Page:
Chairman of the committee, Mr. Amate assured that the ministry was working towards achieving the 30 per cent coal power generation by 2015. He said that: “We are even working towards signing a Memorandum of Understanding with a Chinese firm aside the fact that there are other interests. I think it is feasible.”
Consequently, the Bureau of Public Enterprises (BPE), has initiated the process of selling the seven coal blocks currently being managed by the Nigerian Coal Corporation (NCC). The seven blocks are the outstanding from the concession of the coal mines carried out in 2007.
When the sale is completed, electricity generated from the several coal blocks will complement output from the power sector, which reform is nearing completion. Nigeria, according to a 1990 study commissioned by the power ministry, has ample coal reserves of 639 million tons. In a work plan released by the Bureau, the first of the coal blocks to be sold is the Ogwashi- Azagba. The sale process, according to a source, is already at advanced stage. Others to be sold at a later date are the Ezimo, Inyi, Okpara, Amansiodo, and Onyeama coal mines. These five are to be privatised when the Federal Government finalises the report on the coal blocks being carried out by the power and the mines and steel development ministries.
However, the Onwukpa coal block, which is currently under litigation, will be exempted from the privatisation until the various issues are settled. The BPE is also about to dispose the non-core assets of the NCC, including the residential houses, commercial properties and vacant land. The residential houses would be offered to former staff members of the Corporation who are in occupation, while other properties would be sold to the general public.
Federal Government’s efforts at making the coal sector a major contributor to the nation’s electricity requirements began in 1984, when Japanese Support Institute submitted a comprehensive report on coal power. A copy, which is still in the power ministry, reveals that coal deposits in Nigeria can do over 3000mw.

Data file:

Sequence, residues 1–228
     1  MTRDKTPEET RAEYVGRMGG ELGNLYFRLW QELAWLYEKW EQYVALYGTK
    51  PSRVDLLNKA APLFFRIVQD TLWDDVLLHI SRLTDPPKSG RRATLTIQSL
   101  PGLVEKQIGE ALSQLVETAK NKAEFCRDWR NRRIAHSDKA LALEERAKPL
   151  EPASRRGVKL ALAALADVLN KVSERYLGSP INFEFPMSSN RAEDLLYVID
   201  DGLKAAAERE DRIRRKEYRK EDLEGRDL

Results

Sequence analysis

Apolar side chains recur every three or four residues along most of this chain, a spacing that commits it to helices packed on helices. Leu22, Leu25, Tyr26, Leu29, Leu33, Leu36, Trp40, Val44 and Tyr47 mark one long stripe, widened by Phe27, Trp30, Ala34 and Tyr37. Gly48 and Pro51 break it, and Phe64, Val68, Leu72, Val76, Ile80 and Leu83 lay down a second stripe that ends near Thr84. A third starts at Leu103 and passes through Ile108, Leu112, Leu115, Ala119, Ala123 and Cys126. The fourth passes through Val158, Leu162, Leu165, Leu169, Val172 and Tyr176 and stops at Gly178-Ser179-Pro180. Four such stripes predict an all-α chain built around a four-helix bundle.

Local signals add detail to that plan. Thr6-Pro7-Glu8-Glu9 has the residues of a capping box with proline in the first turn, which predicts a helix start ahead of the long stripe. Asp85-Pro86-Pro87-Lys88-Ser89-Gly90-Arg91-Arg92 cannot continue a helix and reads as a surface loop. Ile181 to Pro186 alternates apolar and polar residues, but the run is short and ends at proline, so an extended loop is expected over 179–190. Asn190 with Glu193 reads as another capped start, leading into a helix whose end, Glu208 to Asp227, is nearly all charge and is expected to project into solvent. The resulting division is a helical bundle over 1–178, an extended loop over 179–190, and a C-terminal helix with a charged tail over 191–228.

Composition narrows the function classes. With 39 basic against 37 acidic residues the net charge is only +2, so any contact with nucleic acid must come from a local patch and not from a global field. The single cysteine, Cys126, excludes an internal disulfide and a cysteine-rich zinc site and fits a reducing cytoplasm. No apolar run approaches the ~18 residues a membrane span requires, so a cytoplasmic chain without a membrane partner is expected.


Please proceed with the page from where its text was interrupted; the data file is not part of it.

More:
The report was updated during late President Umaru Yar’Adua’s administration, causing a budgetary appropriation of N8.5 billion in 2010 and another N3.9 billion in the 2011 budget. The fund, which was committed into quantifying the country’s coal reserves, enabled the engagement of foreign consultants using geophysical methods to evaluate coal deposits in Enugu and Gombe states.
In the course of the work, eight coal blocks were selected, including five in Enugu – Eyama, Okpara, Eyin, Eziegbo, and Amansiodo, otherwise called Enugu axis lot one. The second lot comprises the three others in Kogi, Benue, and Gombe from which the government is to build three coal fired power plants for electricity. Each of the plants is expected to produce 1000 megawatts.
However, Chief Executive Eta Zuma Group West Africa, Chief Innocent Eta-Zuma who also spoke with National Mirror was pessimistic that government could achieve the 30 per cent power generation without keying into existing power plants. According to him the provision of power using coal can never be an alternative to power generation, but can be used to compliment hydro and gas generated energy.
Speaking on other uses of coal aside power generation, he said, “coal can be used to produce cement by burning clinker which is used for cement production; it can be used for coal briquettes which could be used to replace firewood as well as other industrial purposes. Reacting to the possibility of generating two coal plants by 2015, the coal expert asserted that: “It was not possible, but government can have some processes in place as a lot of planning is required to have an efficient coal mine
He stated that: “For the Federal Government to achieve 30 per cent coal to power by 2015, it will have to key into existing power plants, but if government insists on starting from the scratch, it is impossible to have it by 2015.”
Meanwhile, the statistics of the Ministry of Power puts the nation’ s reserves at about 639 million tons, while inferred reserves are in the region of 2.75 billion tons. As the Ministry puts it: “Nigeria is blessed with abundant deposits of coal spread in 13 states of the federation. Significant commercial quantities abound in the belt spanning Enugu, Benue, Kogi, Nasarawa and Gombe.”
However, Adeleke believes that the Federal Government would soon commence the building of a coal power plant worth $4 billion dollars in Benue State. Adeleke, who expressed this believe during the commissioning of Electric Training Centre in Olorunsogo Power Plant in Ogun State stated that the coal power plant when completed, will generate 120 megawatts of electricity.
Information from National Mirror was used in this report.